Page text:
Thanks Pete - great stuff in this thread.  Your efforts are much appreciated here in Atlanta, GA!

 :chef:  Steve  :chef:


Offline Pete-zza

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Re: Pete-zza's Papa John's Clone Pizza
« Reply #290 on: April 08, 2011, 07:46:42 PM »
Steve,

All of the Papa John's clone pizzas that I have made and reported on in this thread were baked on a pizza screen (mainly 14"). The reason is that I was trying to do things the same way as Papa John's but using a standard electric home oven rather than a conveyor. However, there are some members who have baked their PJ clones directly on a pizza stone, apparently with good results based on the reports I have seen. So, as between a stone and a non-perforated pizza sheet, I would go with the stone. However, because of the high sugar content of the PJ clone dough, which can lead to premature or excessive bottom crust browning when baked directly on a preheated pizza stone, I would monitor the bottom crust browning to be sure that it isn't excessive. If it does brown too quickly, I would move the pizza off of the pizza stone to a higher oven rack position. That will slow down the bottom crust browning but increase the top crust and cheese browning and also speed up the bake of any toppings. If you and/or your wife are happy with the results, then I suppose that could become your standard way of making the PJ clones. But, to be truer to the PJ pizza style, you would perhaps want to get a pizza screen or one of the new perforated PSTK disks from PizzaTools.com that PJs is transitioning to in its stores (I myself have not tried using the disk). If you get to the point where you want to explore such carriers, let me know and I can provide more details on them.

Peter

Offline Stevorino

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Re: Pete-zza's Papa John's Clone Pizza
« Reply #291 on: April 08, 2011, 08:48:26 PM »
Pete,

Thanks for the quick response.

I'd love to hear your thoughts on pizza trays, disks, and other carriers.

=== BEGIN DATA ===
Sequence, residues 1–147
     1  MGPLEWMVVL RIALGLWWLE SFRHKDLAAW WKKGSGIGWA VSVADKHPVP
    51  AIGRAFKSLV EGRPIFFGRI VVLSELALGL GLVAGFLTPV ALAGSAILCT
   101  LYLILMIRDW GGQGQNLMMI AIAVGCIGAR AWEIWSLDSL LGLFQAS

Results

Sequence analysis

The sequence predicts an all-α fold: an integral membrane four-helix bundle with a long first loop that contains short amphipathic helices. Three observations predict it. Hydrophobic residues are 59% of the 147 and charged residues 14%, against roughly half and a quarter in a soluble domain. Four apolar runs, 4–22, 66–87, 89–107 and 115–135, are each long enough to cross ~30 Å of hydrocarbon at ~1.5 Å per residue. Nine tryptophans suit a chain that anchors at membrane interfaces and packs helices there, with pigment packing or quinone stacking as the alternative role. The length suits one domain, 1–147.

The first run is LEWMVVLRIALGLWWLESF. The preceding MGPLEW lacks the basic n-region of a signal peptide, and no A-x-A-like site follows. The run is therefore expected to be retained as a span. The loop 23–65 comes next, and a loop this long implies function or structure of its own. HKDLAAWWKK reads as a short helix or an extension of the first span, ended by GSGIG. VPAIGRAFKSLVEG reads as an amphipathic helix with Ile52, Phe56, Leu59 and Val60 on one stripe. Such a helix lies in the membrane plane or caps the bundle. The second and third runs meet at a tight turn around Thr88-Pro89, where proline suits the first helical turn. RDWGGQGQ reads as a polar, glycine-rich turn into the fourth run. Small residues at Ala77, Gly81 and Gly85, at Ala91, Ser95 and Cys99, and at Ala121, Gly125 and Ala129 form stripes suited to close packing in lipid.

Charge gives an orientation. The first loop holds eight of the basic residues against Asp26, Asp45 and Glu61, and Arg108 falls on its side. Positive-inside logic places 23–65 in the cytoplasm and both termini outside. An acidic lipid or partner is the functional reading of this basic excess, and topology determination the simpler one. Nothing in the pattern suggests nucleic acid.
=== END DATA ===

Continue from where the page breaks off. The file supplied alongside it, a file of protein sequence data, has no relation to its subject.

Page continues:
Thanks!

Steve

Offline Pete-zza

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Re: Pete-zza's Papa John's Clone Pizza
« Reply #292 on: April 08, 2011, 08:58:15 PM »
I'd love to hear your thoughts on pizza trays, disks, and other carriers. 


Steve,

I suggest that you do an Advanced forum search at http://www.pizzamaking.com/forum/index.php?action=search;advanced or use the Google search feature at the bottom of each page of the forum to find threads/posts on this subject. I have written extensively on the use of pizza screens. I have written about disks also, specifically, perforated disks, but less so since they have not done nearly as well in my standard electric home oven. Disks were designed for conveyor use, where the heat distribution is different than what I can get in my home oven.

Peter

Offline Stevorino

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Re: Pete-zza's Papa John's Clone Pizza
« Reply #293 on: April 09, 2011, 09:00:20 AM »
Thanks Peter - sounds like screens are the way to go.  I'll do a search this weekend!


Offline Stevorino

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Re: Pete-zza's Papa John's Clone Pizza
« Reply #294 on: April 10, 2011, 07:34:22 PM »
I'm going to start this with the good news, because it was what matters:  This was probably the best pizza I've ever made.  Also, I had problems with the cooking surfaces which was a learning experience for next time.

The pertinent information:  This first pizza was made using the 2-day fermentation option (5-day is in the fridge working away).  It was very good.  As my wife put it best, "Some bites taste like classic PJ and some bites just taste like good pizza." That was the story of the pizza.  Being my first attempt, I'd say that some of it is to blame on my cooking surfaces.  I started with a round cookie-sheet on the top shelf of the oven and tried to move it mid-bake to a pre-heated pizza stone.  Unfortunately the pizza was sticking to the sheet, so I just moved the cookie sheet down and placed it on the pizza stone.  Next time I will put a little bit more flour/cornmeal down on the cookie sheet so that doesn't happen again.

Great pizza recipe that is, at the very least, very much like Papa Johns style pizza.  I will post my thoughts on Pete-zza's 5 day recipe later this week!

Steve


Offline Pete-zza

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Re: Pete-zza's Papa John's Clone Pizza
« Reply #295 on: May 17, 2011, 11:25:25 AM »
Earlier in this thread, at Reply 9 at http://www.pizzamaking.com/forum/index.php/topic,6758.msg58413.html#msg58413, in response to a post by marc (widespreadpizza), there was a discussion of a supposed "mysterious ingredient" use in the Papa John's dough. Off and on, including recently at the thread at http://www.pizzamaking.com/forum/index.php/topic,13725.msg137596.html#msg137596, there have been other attempts to resolve the mystery. As I noted earlier today at Reply 11 in that thread, I believe I have solved the mystery.